Analysts bullish on PVR on long-term growth outlook

Topics PVR | Markets | multiplex stocks

The Indian cinema market is expecting a strong rebound in the medium-term as theatres have seen encouraging footfall globally
The multiplex industry has faced one of the most severe blows from the onslaught of the Covid-19 pandemic as outdoor venturing became passé and entertainment shifted online on OTT platforms. Yet India’s biggest cinema player PVR has received strong support from investors – both domestic and foreign.

A quick glance at the company’s shareholding pattern shows that foreign institutional investors have been upping their stake in the company since the September quarter of the previous fiscal, when pandemic related restrictions began to ease in India. From 34.6 per cent at the end of Q2, FIIs’ stake stood at 42.6 per cent at the end of Q4FY21. Even on a year-on-year (YoY) basis, the stake has risen from 38.35 per cent seen at the end of Q4FY20.

So, what’s infusing this confidence? To begin with, analysts opine that FIIs are looking beyond the near-term pain and are assured of PVR’s long-term growth trajectory.

“The structural growth story remains intact for key multiplex players as when the entire episode of Covid-19 will be behind us, these players will emerge stronger than before,'' says Jinesh Joshi, research analyst at Prabhudas Lilladher.

He adds PVR, being a listed player, has easy access to liquidity when compared with other unlisted & single screen counterparts enabling it to sail through the current crisis.

Notably, on Wednesday, the Gurugram-based multiplex chain announced fresh plans to raise up to Rs 500 crore through issuance of Non-Convertible Debentures, in one or more tranches, on a private placement basis. This follows nearly Rs 800 crore fund-raising it did in Q4FY21 via QIP.

This is in stark contrast to single-screen players who have been struggling to make their ends meet. During an investor call post Q4FY21 results, PVR said that approximately 10 per cent of the 5,500-6,000 single screens in India may be permanently shut in the aftermath of Covid.

“Others are surviving due to owned property and skeleton structure, or owners have other sources of funding. A few screens have reduced occupied space to 30-45 per cent and are using the remaining for commercial purposes,” it added.

Going-forward, as single screen closures could accelerate, PVR could emerge stronger relative to most other cinema operators and may be well placed to capitalize on likely pent-up demand once the second wave subsides, vaccination picks up, and cinemas resume operations, says Jaykumar Doshi, research analyst at Kotak Institutional Equities.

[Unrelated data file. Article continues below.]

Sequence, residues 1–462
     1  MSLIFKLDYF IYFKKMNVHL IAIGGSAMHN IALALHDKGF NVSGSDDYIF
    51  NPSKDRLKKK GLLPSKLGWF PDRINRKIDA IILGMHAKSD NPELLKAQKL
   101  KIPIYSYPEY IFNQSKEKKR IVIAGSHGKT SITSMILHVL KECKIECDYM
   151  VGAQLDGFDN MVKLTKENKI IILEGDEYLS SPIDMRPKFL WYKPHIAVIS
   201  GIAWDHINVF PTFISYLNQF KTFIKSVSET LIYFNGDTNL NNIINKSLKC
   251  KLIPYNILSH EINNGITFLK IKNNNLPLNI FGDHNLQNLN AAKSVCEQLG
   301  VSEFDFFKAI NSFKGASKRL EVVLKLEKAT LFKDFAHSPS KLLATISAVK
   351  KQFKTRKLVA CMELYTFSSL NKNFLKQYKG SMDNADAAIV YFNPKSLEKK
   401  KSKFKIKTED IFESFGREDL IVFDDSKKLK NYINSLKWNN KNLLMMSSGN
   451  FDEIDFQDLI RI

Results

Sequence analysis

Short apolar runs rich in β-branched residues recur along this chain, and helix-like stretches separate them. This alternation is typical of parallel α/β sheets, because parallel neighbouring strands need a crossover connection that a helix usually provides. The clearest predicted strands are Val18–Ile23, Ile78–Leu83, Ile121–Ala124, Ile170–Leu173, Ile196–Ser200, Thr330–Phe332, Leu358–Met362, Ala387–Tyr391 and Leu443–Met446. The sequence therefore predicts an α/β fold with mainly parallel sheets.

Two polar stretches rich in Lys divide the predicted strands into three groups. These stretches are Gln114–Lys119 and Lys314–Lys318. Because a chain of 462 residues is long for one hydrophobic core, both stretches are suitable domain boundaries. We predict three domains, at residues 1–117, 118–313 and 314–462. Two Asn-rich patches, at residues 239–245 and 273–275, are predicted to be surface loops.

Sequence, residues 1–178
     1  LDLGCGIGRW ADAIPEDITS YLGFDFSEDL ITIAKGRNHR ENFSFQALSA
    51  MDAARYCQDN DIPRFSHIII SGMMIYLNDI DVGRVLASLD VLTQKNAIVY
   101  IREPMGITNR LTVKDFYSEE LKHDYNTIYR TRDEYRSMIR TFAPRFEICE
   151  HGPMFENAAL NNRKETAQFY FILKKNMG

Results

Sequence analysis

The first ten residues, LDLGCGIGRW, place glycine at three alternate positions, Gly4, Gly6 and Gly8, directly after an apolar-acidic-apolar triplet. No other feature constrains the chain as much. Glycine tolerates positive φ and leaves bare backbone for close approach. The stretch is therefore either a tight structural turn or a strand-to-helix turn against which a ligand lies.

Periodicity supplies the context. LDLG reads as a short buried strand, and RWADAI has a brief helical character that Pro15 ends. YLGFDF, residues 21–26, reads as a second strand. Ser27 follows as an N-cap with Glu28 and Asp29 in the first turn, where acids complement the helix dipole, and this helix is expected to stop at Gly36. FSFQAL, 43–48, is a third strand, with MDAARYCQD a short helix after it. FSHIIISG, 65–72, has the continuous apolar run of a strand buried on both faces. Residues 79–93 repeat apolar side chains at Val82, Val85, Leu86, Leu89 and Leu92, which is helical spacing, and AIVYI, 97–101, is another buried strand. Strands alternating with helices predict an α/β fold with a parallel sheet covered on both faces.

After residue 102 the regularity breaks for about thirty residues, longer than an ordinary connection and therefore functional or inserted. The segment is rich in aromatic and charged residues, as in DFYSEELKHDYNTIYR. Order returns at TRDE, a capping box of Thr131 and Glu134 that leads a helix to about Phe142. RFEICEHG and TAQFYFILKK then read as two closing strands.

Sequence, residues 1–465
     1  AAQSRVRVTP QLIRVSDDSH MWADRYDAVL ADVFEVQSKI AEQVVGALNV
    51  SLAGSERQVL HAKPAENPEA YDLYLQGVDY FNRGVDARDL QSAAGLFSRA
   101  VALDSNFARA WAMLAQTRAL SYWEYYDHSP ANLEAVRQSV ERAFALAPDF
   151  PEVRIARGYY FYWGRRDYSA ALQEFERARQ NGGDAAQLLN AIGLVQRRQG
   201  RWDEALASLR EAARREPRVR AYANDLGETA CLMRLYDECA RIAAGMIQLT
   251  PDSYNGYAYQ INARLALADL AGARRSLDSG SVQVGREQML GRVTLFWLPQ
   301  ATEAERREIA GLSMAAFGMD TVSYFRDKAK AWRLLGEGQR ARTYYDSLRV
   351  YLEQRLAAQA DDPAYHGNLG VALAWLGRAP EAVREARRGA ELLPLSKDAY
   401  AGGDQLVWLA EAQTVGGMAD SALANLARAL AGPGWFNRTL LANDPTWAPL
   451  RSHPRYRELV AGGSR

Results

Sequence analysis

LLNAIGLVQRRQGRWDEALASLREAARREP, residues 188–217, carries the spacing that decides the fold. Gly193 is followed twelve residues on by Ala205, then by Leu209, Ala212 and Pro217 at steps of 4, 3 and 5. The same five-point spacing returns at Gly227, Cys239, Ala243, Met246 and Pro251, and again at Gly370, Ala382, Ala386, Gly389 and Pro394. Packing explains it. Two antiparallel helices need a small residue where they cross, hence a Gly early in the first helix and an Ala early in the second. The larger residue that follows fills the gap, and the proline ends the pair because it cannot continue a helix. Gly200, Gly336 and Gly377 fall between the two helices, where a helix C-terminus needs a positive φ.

Besides fresh funds, cost control, rent waivers, and revenue sharing agreements with distributors will be a key to ensure survival, say Naval Seth and Sonali Shah, research analysts at Emkay Global.

PVR’s rent cost during Q4FY21 was down over 45 per cent YoY due to concession on rentals and it is negotiating for concessions even for the second wave. Moreover, other overheads declined by 50 per cent and employee costs were cut by 22 per cent YoY. With an average monthly cash burn of Rs 30 crore, cash balance of Rs 750 crore, and annual debt refinancing of Rs 200-300 crore, Sanjesh Jain, research analyst at ICICI Securities, expects PVR to sail through.    

Rebound expected

The Indian cinema market is expecting a strong rebound in the medium-term as theatres have seen encouraging footfall globally post resumption of economic activities. China has already reached FY20 levels while the US saw a strong response to new releases during Memorial Day weekend (May 28-31 2021) with over $100 million collection, which is the best collection since the pandemic began.

This, according to global brokerage HSBC, further bolsters confidence that the lure of watching cinema on a big screen remains intact, even in markets with strong OTT presence.

Back home, PVR remains confident of producers showing movies at theatres as the situation normalises in India and a strong movie line up and regional cinema will help revive business.

PVR’s ticketing revenues rose to Rs 87.9 crore in Q4FY21, aided majorly by regional content and various states permitting 100 per cent occupancy. F&B revenue at Rs 56.5 crore and ad revenue at Rs 13.6 crore appears reassuring for now, say analysts.

Earnings expectations

That said, given the near-term headwinds, most analysts have cut their FY22 and FY23 earnings estimates factoring-in minimal revenues in the on-going fiscal.

ICICI Securities and Emkay Global, for instance, have cut their FY22 Ebitda estimate by 71 per cent each and by 8 per cent and 2.6 per cent, respectively for FY23. Prabhudas Lilladher, meanwhile, has cut FY22E Ebitda estimate by 43 per cent, although it has kept its FY23E estimate intact.

On the bourses, the stock of PVR has been fairly resilient, having learnt from last year’s sell off and rebound, and is up 0.3 per cent on a YTD basis. In comparison, the benchmark S&P BSE Sensex is up 8.5 per cent till Wednesday.

Source: Brokerage reports



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